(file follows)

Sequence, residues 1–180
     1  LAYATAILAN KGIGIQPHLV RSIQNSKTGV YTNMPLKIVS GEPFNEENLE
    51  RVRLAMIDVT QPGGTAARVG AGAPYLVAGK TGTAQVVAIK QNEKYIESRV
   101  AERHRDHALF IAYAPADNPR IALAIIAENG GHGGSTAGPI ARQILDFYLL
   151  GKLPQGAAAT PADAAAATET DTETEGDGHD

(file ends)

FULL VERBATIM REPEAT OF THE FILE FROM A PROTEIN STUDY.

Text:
Sequence, residues 1–180
     1  LAYATAILAN KGIGIQPHLV RSIQNSKTGV YTNMPLKIVS GEPFNEENLE
    51  RVRLAMIDVT QPGGTAARVG AGAPYLVAGK TGTAQVVAIK QNEKYIESRV
   101  AERHRDHALF IAYAPADNPR IALAIIAENG GHGGSTAGPI ARQILDFYLL
   151  GKLPQGAAAT PADAAAATET DTETEGDGHD